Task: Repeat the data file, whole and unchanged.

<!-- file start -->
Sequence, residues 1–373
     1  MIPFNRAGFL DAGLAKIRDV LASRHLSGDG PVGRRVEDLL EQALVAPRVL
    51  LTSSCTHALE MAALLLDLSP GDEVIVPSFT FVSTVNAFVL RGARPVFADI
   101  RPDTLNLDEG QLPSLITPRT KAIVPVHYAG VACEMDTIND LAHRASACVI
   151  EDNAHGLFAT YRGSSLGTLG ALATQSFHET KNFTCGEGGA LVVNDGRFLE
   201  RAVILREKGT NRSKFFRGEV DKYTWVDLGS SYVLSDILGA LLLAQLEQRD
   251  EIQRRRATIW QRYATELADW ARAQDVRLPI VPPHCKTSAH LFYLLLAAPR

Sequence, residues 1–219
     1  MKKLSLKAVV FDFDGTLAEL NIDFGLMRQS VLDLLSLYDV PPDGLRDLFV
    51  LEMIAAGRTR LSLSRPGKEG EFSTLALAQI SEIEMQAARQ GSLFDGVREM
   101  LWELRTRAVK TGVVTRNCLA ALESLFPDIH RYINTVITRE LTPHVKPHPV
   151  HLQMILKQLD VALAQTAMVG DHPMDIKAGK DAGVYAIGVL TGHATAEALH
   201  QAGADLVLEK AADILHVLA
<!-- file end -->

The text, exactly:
Sequence, residues 1–373
     1  MIPFNRAGFL DAGLAKIRDV LASRHLSGDG PVGRRVEDLL EQALVAPRVL
    51  LTSSCTHALE MAALLLDLSP GDEVIVPSFT FVSTVNAFVL RGARPVFADI
   101  RPDTLNLDEG QLPSLITPRT KAIVPVHYAG VACEMDTIND LAHRASACVI
   151  EDNAHGLFAT YRGSSLGTLG ALATQSFHET KNFTCGEGGA LVVNDGRFLE
   201  RAVILREKGT NRSKFFRGEV DKYTWVDLGS SYVLSDILGA LLLAQLEQRD
   251  EIQRRRATIW QRYATELADW ARAQDVRLPI VPPHCKTSAH LFYLLLAAPR

Sequence, residues 1–219
     1  MKKLSLKAVV FDFDGTLAEL NIDFGLMRQS VLDLLSLYDV PPDGLRDLFV
    51  LEMIAAGRTR LSLSRPGKEG EFSTLALAQI SEIEMQAARQ GSLFDGVREM
   101  LWELRTRAVK TGVVTRNCLA ALESLFPDIH RYINTVITRE LTPHVKPHPV
   151  HLQMILKQLD VALAQTAMVG DHPMDIKAGK DAGVYAIGVL TGHATAEALH
   201  QAGADLVLEK AADILHVLA